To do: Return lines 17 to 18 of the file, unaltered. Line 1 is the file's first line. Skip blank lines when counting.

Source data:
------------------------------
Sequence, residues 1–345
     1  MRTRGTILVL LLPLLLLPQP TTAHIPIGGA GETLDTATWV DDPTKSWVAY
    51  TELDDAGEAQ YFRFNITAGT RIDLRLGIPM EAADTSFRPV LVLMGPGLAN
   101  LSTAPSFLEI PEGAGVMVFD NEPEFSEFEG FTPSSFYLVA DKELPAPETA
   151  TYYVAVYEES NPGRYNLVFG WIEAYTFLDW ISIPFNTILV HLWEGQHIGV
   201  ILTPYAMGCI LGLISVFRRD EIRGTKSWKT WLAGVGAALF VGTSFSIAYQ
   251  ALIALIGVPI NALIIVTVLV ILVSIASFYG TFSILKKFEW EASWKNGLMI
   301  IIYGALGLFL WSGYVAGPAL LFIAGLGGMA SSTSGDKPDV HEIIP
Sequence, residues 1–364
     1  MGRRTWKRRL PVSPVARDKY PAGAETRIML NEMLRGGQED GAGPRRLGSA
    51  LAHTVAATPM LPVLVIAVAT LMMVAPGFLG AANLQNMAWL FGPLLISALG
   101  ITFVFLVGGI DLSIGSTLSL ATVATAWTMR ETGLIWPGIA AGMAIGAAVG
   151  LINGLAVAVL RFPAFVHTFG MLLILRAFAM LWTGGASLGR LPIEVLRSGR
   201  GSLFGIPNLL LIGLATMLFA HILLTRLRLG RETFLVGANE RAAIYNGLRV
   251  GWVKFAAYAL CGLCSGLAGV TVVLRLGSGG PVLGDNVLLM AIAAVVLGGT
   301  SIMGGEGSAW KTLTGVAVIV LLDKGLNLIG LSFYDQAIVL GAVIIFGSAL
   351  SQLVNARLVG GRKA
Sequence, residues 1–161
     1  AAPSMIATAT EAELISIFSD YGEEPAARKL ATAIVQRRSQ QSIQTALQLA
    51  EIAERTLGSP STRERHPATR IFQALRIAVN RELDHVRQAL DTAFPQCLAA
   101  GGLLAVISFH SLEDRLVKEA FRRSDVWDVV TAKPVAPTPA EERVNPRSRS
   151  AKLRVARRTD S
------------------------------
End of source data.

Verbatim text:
   351  SQLVNARLVG GRKA
Sequence, residues 1–161